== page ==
First self-applied as a term to the conservative doctrine outlined by anti-modernist Protestants in the United States of America, fundamentalism as a religious belief is associated with a strict adherence to an interpretation of scriptures that are generally associated with theologically conservative positions or traditional understandings of the text and are distrustful of innovative readings, new revelation, or alternate interpretations. Religious fundamentalism has been identified in the media as being associated with fanatical or zealous political movements around the world that have used a strict adherence to a particular religious doctrine as a means to establish political identity and enforce societal norms.
The Renaissance and later the Enlightenment in Europe were associated with varying degrees of religious tolerance and intolerance towards new religious ideas. The Philosophes took particular exception to many of the more fantastical claims of religions and directly challenged religious authority and the prevailing beliefs associated with the established churches. In response to the liberalizing political and social movements, some religious groups attempted to integrate Enlightenment ideals of rationality, equality, and individual liberty into their belief systems, especially into the nineteenth and twentieth centuries. Reform Judaism and Liberal Christianity are two examples of such religious associations.
In Buddhism, practice and progress along the spiritual path happens when one follows the system of Buddhist practice. Any religion which follows (parts of) the fundamentals of this system has, according to the teachings of Buddha, good aspects to the extent it accords with this system. Any religion which goes against (parts of) the fundamentals of this system, includes bad aspects too. Any religion which does not teach certain parts of this system, is not because of this a 'bad' religion; it just lacks those teachings and is to that extent incomplete.
A question by the monk Subhadda to the Buddha:
"O Gotama, there are Samanas (wandering monks) and Brahmanas (religious leaders) who are leaders of their sects, who are well-esteemed by many people, such as Purana Kassapa, Makkhali Gosala, Ajita Kesakambala, Pakudha Kaccayana, Sancaya Belatthaputta and Nigantha Nataputta. Do all of them have knowledge and understanding as they themselves have declared? Or do all of them have no knowledge and understanding?"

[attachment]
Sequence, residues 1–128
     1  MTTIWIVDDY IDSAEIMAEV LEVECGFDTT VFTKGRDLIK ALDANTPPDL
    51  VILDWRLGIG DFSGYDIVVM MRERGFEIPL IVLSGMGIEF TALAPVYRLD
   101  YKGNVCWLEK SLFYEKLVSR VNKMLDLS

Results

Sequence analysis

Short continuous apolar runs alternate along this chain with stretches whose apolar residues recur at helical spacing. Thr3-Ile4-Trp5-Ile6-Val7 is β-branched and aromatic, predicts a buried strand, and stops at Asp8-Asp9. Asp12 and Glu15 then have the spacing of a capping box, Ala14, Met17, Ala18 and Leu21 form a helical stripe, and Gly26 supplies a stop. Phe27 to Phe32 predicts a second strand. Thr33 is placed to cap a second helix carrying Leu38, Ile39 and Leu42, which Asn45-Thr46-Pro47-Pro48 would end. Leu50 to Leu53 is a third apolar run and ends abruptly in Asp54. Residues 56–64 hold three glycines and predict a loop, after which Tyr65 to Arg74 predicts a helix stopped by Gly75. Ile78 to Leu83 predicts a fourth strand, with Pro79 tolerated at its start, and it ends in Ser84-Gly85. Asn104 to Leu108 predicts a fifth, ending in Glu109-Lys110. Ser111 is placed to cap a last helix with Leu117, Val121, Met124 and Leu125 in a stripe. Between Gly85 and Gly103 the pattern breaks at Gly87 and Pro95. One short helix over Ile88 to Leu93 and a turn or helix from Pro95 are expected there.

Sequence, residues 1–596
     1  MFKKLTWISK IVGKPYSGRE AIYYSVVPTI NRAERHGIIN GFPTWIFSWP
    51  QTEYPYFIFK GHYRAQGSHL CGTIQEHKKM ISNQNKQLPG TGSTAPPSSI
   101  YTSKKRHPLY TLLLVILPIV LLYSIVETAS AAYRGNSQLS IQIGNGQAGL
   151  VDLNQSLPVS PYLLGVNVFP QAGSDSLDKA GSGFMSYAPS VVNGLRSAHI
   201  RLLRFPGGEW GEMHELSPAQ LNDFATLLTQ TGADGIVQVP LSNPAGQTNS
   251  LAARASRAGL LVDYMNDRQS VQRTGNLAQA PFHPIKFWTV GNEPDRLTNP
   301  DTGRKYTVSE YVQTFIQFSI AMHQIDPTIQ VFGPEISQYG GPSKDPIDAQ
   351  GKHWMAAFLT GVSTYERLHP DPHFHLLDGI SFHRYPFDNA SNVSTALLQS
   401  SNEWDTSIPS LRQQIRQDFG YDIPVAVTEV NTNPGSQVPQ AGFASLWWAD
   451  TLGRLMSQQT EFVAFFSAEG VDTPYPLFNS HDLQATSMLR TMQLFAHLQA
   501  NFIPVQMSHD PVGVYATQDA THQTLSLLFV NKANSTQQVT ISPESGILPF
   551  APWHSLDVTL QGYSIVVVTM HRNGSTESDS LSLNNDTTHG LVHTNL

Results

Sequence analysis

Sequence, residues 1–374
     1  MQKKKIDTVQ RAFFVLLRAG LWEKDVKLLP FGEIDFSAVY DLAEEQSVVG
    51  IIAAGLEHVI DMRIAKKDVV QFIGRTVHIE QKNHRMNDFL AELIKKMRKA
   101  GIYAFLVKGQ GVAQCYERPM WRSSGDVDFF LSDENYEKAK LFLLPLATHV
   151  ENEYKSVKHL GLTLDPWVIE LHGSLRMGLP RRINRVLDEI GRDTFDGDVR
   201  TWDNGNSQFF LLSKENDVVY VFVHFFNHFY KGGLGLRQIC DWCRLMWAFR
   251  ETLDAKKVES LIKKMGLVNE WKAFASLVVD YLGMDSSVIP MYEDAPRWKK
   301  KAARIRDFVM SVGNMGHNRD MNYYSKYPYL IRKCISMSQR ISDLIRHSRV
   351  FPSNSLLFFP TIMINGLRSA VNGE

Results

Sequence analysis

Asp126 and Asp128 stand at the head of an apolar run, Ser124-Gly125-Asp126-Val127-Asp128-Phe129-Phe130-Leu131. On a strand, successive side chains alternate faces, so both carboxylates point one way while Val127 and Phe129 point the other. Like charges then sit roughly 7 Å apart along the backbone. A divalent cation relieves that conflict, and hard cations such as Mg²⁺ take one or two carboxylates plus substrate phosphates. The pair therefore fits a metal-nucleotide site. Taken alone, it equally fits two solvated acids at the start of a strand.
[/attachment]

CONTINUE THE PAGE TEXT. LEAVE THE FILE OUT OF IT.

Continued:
The reply by Buddha was:
"Subhadda, in whatever teaching is not found the Noble Eightfold Path, neither in it is there found a Samana of the first stage, nor a Samana of the second stage, nor a Samana of the third stage, nor a Samana of the fourth stage."
As a religious tradition, Hinduism has experienced many attempts at systemization. In medieval times, Shankara advocated for the Advaita system of philosophy. In recent times, Tamala Krishna Gosvami has researched the systemization of Krishna theology as expounded by Srila Prabhupada. (See Krishnology)
A term signifying derogation that is used by the religious and non-religious alike, superstition is the deprecated belief in supernatural causation. Those who deny the existence of the supernatural generally attribute all beliefs associated with it to be superstitious while a typical religious critique of superstition holds that it either encompasses beliefs in non-existent supernatural activity or that the supernatural activity is inappropriately feared or held in improper regard (see idolatry). Occultism, animism, paganism, and other folk religions were strongly condemned by Christian Churches as mean forms of superstition, though such condemnation did not necessarily eliminate the beliefs among the common people and many such religious beliefs persist to today.
Approaches to the beliefs of others
Adherents of particular religions deal with the differing doctrines and practices espoused by other religions in a variety ways. All strains of thought appear in different segments of all major world religions.